This chapter addresses the topic of ‘localisation policies’ (measures and incentives for attracting and developing companies) in relation to the actual subjects of such policies, their aims and targets. The existence of business relationships and networks, and the ubiquity of interaction processes make contemporary policy measures problematic in all these three aspects. Conceiving the business landscape as interactive and heterogeneous business networks leads the authors to argue that policy measures become ineffective when these neglect the networked nature of the business landscape. It is argued that localisation policies consist of multiple initiatives and involve ‘a network of policy actors’, rather than only one institution. Acknowledging the plurality of policy actors and means leads to focus on the need to orchestrate multifaceted localisation policies. Incentives, regulatory frameworks and public investments are some of the elements of the toolbox of localisation policy. The authors also argue that the business network perspective translates into the need to tailor policy measures differentiated for specific companies.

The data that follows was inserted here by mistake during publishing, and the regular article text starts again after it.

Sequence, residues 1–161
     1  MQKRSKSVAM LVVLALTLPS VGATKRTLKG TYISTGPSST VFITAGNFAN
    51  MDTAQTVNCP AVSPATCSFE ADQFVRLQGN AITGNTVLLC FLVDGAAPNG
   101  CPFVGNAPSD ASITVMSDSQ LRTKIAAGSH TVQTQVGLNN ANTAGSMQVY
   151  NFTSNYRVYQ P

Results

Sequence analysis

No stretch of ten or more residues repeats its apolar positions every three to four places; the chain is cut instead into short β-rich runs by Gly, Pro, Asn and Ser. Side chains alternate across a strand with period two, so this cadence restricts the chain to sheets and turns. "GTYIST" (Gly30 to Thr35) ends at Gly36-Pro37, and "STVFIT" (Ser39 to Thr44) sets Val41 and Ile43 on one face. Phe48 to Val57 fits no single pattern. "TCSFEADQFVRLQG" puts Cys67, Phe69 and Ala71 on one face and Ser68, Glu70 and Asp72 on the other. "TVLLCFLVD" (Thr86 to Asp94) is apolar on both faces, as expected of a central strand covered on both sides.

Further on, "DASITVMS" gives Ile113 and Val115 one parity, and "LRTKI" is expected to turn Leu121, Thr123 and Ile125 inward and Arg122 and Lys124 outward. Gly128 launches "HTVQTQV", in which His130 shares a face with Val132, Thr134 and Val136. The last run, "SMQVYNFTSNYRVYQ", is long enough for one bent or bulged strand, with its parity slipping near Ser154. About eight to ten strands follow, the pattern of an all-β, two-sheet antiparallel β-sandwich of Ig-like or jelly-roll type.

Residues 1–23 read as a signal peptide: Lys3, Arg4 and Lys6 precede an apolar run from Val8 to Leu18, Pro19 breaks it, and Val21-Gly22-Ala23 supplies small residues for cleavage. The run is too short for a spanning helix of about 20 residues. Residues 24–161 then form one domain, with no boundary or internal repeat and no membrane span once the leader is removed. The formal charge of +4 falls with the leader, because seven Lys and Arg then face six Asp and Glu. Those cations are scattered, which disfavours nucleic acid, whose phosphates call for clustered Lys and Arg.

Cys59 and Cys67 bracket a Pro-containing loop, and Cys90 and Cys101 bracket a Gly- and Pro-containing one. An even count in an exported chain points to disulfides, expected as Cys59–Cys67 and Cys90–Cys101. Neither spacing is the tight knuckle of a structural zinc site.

Guercini, S. and Tunisini, A. (2017), "Regional Development Policies", Håkansson, H. and Snehota, I. (Ed.) No Business is an Island, Emerald Publishing Limited, Leeds, pp. 141-155. https://doi.org/10.1108/978-1-78714-549-820171008
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